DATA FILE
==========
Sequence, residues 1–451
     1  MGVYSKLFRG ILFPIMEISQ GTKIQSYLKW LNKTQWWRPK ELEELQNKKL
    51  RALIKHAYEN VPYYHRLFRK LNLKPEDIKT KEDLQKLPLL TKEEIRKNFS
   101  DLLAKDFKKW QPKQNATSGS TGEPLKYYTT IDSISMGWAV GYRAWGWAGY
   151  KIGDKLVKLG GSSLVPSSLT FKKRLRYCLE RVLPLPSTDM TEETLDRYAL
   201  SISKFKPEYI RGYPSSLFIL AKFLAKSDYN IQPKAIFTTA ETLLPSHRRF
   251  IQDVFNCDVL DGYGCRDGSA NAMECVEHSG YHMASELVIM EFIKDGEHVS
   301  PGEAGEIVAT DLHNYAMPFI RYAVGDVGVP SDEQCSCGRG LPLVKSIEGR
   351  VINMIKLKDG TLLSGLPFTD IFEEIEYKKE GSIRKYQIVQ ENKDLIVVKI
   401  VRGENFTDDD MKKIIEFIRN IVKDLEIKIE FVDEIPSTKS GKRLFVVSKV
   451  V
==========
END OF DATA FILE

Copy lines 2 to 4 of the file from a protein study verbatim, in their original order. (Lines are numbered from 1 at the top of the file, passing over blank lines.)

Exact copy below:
     1  MGVYSKLFRG ILFPIMEISQ GTKIQSYLKW LNKTQWWRPK ELEELQNKKL
    51  RALIKHAYEN VPYYHRLFRK LNLKPEDIKT KEDLQKLPLL TKEEIRKNFS
   101  DLLAKDFKKW QPKQNATSGS TGEPLKYYTT IDSISMGWAV GYRAWGWAGY